Disclaimer: I did not invent the tale of Rumpelstiltskin. The opening paragraphs of each chapter are my own paraphrases of the original story.
Once upon a time there lived a poor miller who had only one child, a daughter. Now the girl was beautiful, and she was also clever, which is more to be valued than beauty. One day, as the king was passing by in his coach, he saw the girl and ordered the horses to stop. The miller came out, bowing very low before the king. "Who is that beautiful girl?" asked the king. "She is my daughter," replied the miller, "and she is as clever as she is beautiful." Then his pride got the better of him and he added, "Why, she is so clever, she can spin straw into gold." "This is a talent that pleases me well," cried the king, for he was very greedy, despite his immense wealth. "Bring her to my palace tomorrow, that we may have proof of this matter."
Chapter 1: On the Dangers of Affectionate Fathers
"Tell me about yourself, Mr. Miller."
Richard Miller ran a finger beneath his suddenly too tight collar. "Yes, sir, of course sir. What would you like to know…sir?"
The man-behind-the-desk leaned back in his chair and eyed the scrawny figure before him with the assurance of one who holds destiny in his hands. The man-behind-the desk was tall and broad-shouldered, with a superb tan, and an Armani suit perfectly tailored to his impressive physique. The man-behind-the-desk was Maximus Ferdinand King (the fourth), and since his primary rival, Prestin Kimstull (the seventh), had mysteriously disappeared three years earlier, he was in truth, king of American mega-corporations.
The man in front of the desk shifted in dress shoes that pinched and avoided making eye contact with the man-behind-the-desk. He was Richard Miller (the first), an expendable accountant, who had once aspired to be a novelist.
"I know you are industrious, honest, and virtuous. Otherwise you wouldn't be working for me." There was a pause, and Richard, sensing some response was expected, forced a chuckle. M. F. King's eyes gleamed as he continued in tones of smooth velvet, "No, Mr. Miller, I think you should tell me about your family. I feel the need to become more involved in my employees' lives. After all, what affects you, affects our whole community here at Mulctuary Money Management."
"Yes, Mr. King, my family." Richard took a deep breath. "My wife is…is…" His mind flashed a terrifying blank. Where was his wife? Oh yes… "My wife is dead."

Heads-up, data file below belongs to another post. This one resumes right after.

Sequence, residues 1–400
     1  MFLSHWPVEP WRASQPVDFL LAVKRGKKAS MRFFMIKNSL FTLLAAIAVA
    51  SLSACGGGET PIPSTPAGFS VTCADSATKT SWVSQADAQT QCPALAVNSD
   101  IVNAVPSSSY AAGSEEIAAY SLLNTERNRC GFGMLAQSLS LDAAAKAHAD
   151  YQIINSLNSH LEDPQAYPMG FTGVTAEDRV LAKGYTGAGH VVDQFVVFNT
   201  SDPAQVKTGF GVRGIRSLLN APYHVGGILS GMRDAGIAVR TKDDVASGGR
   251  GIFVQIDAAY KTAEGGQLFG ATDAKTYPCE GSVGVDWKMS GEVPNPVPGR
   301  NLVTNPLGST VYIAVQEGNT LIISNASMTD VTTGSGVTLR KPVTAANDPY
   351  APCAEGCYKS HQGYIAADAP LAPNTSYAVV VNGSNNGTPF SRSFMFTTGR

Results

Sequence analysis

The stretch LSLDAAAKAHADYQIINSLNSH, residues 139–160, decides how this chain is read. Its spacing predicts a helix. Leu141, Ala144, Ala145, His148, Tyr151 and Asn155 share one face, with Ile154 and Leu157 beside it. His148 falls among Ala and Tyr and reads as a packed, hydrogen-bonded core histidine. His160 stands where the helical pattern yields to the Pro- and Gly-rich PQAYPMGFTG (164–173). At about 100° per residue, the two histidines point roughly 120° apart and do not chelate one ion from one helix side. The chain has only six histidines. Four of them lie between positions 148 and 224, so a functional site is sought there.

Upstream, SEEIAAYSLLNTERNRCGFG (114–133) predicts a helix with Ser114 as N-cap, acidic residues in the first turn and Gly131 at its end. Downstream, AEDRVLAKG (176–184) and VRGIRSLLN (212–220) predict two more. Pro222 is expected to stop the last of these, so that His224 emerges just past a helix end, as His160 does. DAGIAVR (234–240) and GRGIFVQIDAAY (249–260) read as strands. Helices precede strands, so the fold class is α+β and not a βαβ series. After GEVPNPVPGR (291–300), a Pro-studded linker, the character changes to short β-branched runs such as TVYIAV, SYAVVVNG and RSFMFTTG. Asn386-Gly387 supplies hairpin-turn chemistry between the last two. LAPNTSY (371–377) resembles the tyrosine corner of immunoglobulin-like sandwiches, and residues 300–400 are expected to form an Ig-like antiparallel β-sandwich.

"I'm sorry to hear that."
"Thank you, sir. I also have one…" One what? Waffle iron? No! "…daughter," Richard finished weakly.
"Tell me about your daughter, Mr. Miller. What is her name? How old is she?"
"Rachel. Twenty. Scholarship. Very clever." To Richard Miller, his Rachel was the cleverest girl in the world, even if her ears did stick out a little more than normal. There was any number of marvelous things she could do including, but not limited to, shopping for a straight six hours and staying within her budget, single-handedly keeping five three-year-olds under control, and baking the most delectable carmel-rasberry-triple-fudge cookies known to man. Somehow, in the depths of his fatherly pride, Richard Miller sensed that M. F. King would not be impressed by these accomplishments. And then he had a rare flash of inspiration. "She can spin straw into gold."
"Not really straw into gold, just a metaphor. You know the fairy tale?" Richard asked hopefully, wishing he could mop his brow.
"No, I'm afraid I don't."
"Ah, well, you see Rachel, my daughter, she can take a block of worthless stocks, and by the end of the day she's traded them into a fortune." Richard was proud of himself. This was a story guaranteed to attract King's interest.
"That is a remarkable talent," murmured King, his face inscrutable. "But, forgive me if I sound dubious, Mr. Miller, if your daughter has such an amazing gift, why are you working for me?"
Richard's mind worked frantically. "Humble! Rachel doesn't feel that spinning straw, er, trading stocks is the best use of her time. She'd rather be out helping people. I'm very proud of her."
"It would not take long for her to amass enough wealth to allow her to devote the rest of her life to philanthropy and still live in comfort."
"Weak character," croaked Richard. "Rachel and I both feel that too much wealth destroys a person's…" Too late he remembered who he was lying to. With all the sensations of a drowning man going down for the third time, Richard gasped, "Not you, of course, sir. Only people without the moral stamina to…to…"
"Like you?" King asked, with the faint trace of a smile.
"Like me," sighed Richard, wishing he could be sick in the small potted palm by the window.
"Your Rachel must be a rare woman indeed, to be able to both acquire riches and resist them."
"Remarkable," agreed Richard.
"I must meet her. Such a jewel cannot be allowed to remain in obscurity."
Richard's stomach took up permanent residence in his throat.
"Yes, I will send a car home with you," King continued briskly. "And I would
very much like it if she would consent to trade some stocks for me. I have a few that are a disgrace to the portfolio, eh? Does this sound like a plan, Mr. Miller?"
Richard hoped he was shaking his head in the right direction.
"She can spend the night on my estate tonight. That way we won't waste any valuable morning hours, will we? Good day, Mr. Miller." King pulled a stack of files toward him, indicating the interview was over."
Richard turned and staggered determinedly out of the office, not letting up his shaking stride until he was safely enclosed in the elevator, zooming down eighty-seven floors to his cubicle. He collapsed against the carpeted panel and gripped his aching head. "What have I done?"